The ESPY Awards began on a somber note Wednesday* evening as NBA players Carmelo Anthony, Chris Paul, Dwyane Wade, and LeBron James took the stage to address the violent events of the past week. “The system is broken,” Carmelo Anthony said. “The problems are not new, the violence is not new, and the racial divide definitely is not new. But the urgency to great change is at an all-time high.”
Chris Paul, the nephew of a police officer, got more specific, naming Alton Sterling, Philando Castile, and other victims of police violence. Paul invoked the tradition of athlete-activists of the past to explain their decision to speak out, from Jesse Owens to Muhammad Ali. Dwyane Wade expanded their call for nonviolence to include the shootings in Dallas and Orlando, as well as Chicago’s gun violence epidemic. Finally, LeBron James challenged his fellow professional athletes to use this moment “to educate ourselves, explore these issues, speak up, use our influence, and renounce all violence. … We all have to do better.” Read their complete remarks below:
Carmelo Anthony: Good evening. Tonight is a celebration of sports, celebrating our accomplishments and our victories. But in this moment of celebration, we asked to start the show tonight this way: the four of us talking to our fellow athletes with the country watching. Because we cannot ignore the realities of the current state of America. The events of the past week have put a spotlight on the injustice, distrust, and anger that plague so many of us. The system is broken. The problems are not new, the violence is not new, and the racial divide definitely is not new. But the urgency to great change is at an all-time high.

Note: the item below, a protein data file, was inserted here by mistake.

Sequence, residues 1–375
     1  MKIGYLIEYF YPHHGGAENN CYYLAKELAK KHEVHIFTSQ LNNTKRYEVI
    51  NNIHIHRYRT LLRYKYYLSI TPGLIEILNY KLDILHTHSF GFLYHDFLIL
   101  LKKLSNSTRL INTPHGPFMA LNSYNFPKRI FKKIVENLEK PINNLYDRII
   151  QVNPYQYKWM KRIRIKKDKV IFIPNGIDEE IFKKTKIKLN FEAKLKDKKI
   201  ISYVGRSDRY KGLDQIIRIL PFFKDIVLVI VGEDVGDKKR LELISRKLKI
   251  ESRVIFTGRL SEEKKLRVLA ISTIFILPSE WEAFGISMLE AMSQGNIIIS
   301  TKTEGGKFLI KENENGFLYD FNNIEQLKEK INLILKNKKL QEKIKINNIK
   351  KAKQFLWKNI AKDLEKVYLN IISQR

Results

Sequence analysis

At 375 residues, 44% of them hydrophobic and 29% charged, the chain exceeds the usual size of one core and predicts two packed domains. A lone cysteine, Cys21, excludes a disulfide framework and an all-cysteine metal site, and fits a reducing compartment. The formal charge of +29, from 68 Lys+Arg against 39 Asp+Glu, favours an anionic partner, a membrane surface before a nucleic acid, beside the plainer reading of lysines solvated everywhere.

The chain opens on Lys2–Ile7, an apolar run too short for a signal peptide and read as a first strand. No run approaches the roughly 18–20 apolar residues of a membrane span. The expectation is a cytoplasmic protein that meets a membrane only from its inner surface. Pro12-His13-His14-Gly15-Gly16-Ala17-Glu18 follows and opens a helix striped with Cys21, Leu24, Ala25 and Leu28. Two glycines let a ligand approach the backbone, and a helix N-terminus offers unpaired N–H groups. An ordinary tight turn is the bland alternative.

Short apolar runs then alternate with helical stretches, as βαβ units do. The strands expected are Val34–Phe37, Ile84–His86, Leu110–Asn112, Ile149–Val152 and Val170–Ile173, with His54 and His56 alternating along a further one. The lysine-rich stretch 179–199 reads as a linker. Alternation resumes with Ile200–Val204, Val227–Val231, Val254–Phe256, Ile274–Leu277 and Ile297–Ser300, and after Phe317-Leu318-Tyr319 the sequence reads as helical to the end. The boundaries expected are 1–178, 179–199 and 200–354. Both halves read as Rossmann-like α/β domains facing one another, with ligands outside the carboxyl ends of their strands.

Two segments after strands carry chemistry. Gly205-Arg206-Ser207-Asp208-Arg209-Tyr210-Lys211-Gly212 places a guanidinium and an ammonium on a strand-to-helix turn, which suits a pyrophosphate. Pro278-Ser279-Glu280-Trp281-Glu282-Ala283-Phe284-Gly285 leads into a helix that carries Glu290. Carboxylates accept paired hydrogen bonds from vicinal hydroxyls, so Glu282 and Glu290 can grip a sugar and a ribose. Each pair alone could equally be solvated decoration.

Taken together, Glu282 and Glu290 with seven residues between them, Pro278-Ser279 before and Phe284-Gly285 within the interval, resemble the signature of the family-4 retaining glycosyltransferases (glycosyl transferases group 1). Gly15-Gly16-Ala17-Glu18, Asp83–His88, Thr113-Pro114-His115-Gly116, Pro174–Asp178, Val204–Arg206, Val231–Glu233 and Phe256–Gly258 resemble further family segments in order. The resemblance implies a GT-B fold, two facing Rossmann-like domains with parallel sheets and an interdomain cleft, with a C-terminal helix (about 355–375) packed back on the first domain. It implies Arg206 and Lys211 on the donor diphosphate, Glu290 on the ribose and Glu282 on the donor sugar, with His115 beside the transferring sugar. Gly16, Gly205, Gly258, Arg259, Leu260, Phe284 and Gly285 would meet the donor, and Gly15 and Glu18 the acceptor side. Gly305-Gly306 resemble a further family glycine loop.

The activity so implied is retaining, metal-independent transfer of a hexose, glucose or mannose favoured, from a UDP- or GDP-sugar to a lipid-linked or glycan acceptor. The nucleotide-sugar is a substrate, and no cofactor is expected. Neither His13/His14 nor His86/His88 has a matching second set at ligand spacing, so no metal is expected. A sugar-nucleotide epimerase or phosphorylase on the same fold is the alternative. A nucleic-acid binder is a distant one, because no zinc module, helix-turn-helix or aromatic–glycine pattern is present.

Chris Paul: We stand here tonight accepting our role in uniting communities to be the change we need to see. We stand before you as fathers, sons, husbands, brothers, uncles, and in my case, as an African-American man and the nephew of a police officer, who is one of the hundreds of thousands of great officers serving this country. But Trayvon Martin, Michael Brown, Tamir Rice, Eric Garner, Laquan McDonald, Alton Sterling, Philando Castile: This is also our reality. Generations ago, legends like Jesse Owens, Jackie Robinson, Muhammad Ali, John Carlos, Tommie Smith, Kareem Abdul-Jabbar, Jim Brown, Billie Jean King, Arthur Ashe, and countless others—they set a model for what athletes should stand for. So we choose to follow in their footsteps.
Dwyane Wade: The racial profiling has to stop. The shoot-to-kill mentality has to stop. Not seeing the value of black and brown bodies has to stop. But also the retaliation has to stop. The endless gun violence in places like Chicago, Dallas, not to mention Orlando—it has to stop. Enough! Enough is enough. Now, as athletes, it's on us to challenge each other to do even more than what we already do in our own communities. And the conversation cannot—it cannot stop as our schedules get busy again. It won't always be convenient. It won't. It won't always be comfortable. But it is necessary.
LeBron James: We all feel helpless and frustrated by the violence. We do. But that's not acceptable. It's time to look in the mirror and ask ourselves, "What are we doing to create change?" It's not about being a role model. It's not about our responsibility to a condition of activism. I know tonight, we'll honor Muhammad Ali, the G.O.A.T. To do his legacy any justice, let's use this moment as a call to action to all professional athletes to educate ourselves, explore these issues, speak up, use our influence, and renounce all violence. And most importantly go back to our communities. Invest our time, our resources. Help rebuild them. Help strengthen them. Help change them. We all have to do better. Thank you.
Correction, July 15, 2016: This article originally misstated that the ESPY Awards took place on Tuesday evening. It was Wednesday evening.